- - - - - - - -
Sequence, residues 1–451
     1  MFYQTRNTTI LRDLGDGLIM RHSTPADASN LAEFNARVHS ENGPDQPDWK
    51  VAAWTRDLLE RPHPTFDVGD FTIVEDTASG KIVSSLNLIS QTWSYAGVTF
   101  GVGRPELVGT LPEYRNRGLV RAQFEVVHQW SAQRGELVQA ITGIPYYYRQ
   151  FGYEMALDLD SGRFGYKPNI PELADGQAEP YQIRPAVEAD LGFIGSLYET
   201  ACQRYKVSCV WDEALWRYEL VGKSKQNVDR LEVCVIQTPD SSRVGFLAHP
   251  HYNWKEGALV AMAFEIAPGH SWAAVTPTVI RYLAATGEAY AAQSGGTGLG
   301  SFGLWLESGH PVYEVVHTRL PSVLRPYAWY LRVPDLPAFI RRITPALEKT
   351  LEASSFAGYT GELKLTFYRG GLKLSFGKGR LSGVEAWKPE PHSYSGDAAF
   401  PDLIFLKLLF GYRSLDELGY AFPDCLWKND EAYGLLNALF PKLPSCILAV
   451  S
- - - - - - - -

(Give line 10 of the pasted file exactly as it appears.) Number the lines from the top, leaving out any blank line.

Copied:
   401  PDLIFLKLLF GYRSLDELGY AFPDCLWKND EAYGLLNALF PKLPSCILAV